St Paul’s Cathedral has been here for over 1,400 years. It has been built and rebuilt five times, and always its main purpose has been as a
place of worship and prayer.
St Paul's, with its world-famous dome, is an iconic feature of the London skyline. Step inside and you can enjoy the Cathedral's awe-inspiring
interior, and uncover fascinating stories about its history.
Learning & Faith
Lifelong learning is a core part of the our work, delivered through a variety of events by St Paul's Institute, and the
Cathedral's Adult Learning and Schools & Family Learning departments.
History & Collections
For more than 1,400 years, a Cathedral dedicated to St Paul has stood at the highest point in the City. The present Cathedral is the
masterpiece of Britain's most famous architect Sir Christopher Wren.
Behind the scenes, the cost of caring for St Paul's and continuing to deliver our central ministry and work is enormous and the generosity of
our supporters is critical.
Widely considered to be one of the world’s most beautiful buildings and a powerful symbol of the splendour of London, St Paul’s Cathedral is a
breathtaking events venue.
Queen Elizabeth’s Golden Jubilee, to mark her 50 years on the throne, was celebrated in early June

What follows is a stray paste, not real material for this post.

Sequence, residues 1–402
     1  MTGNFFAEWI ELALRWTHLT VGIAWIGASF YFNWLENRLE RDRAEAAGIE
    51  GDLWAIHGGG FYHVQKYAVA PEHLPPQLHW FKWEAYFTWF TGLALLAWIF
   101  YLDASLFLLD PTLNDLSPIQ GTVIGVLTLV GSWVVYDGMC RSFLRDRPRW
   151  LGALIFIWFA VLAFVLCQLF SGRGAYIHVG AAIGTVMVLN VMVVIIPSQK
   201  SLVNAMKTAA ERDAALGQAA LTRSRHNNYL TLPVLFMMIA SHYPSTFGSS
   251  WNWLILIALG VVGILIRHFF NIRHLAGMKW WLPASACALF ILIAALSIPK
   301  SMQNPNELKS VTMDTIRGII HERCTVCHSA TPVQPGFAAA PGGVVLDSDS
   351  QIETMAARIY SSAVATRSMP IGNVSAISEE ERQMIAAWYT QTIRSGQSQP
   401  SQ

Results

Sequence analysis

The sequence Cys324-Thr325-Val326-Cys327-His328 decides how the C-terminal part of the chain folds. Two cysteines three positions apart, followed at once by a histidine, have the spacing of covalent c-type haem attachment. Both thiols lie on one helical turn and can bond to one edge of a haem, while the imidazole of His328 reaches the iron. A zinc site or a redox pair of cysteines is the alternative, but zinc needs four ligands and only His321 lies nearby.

2002, despite the sad deaths of both her sister Princess Margaret and the Queen Mother earlier in the year.
On 4 June, the Queen attended the service of Thanksgiving at St Paul’s, arriving in the Gold State
Coach, pulled by eight horses. The day before the service, the Queen had lit the customary and long established Jubilee Beacon, this time at the
Victoria memorial outside Buckingham palace. The beacon in turn lit 2,002 beacons stretching right across the Commonwealth countries and as far as
Antarctica. Over the Jubilee year the Queen again went abroad and visited some of the Commonwealth countries, as well as paying a visit to 70 towns
and cities across Britain.
Whilst the more traditional events to mark the Queens accession were still held, the Jubilee program of 2002 was also adjusted
to reflect modern Britain. Over the year the Queen paid a visit to all the main faith communities in Britain and held a multi faith reception at
Buckingham Palace, attended by hundreds of different faith representatives. The Queen also held six Jubilee garden parties over the course of the
summer in London and Edinburgh, with an invite list made up of those born on the Queen’s accession day in 1952. Buckingham Palace also held ‘Party
at the Palace’; their very first rock concert within the grounds.
Discover more about St Paul's history on your visit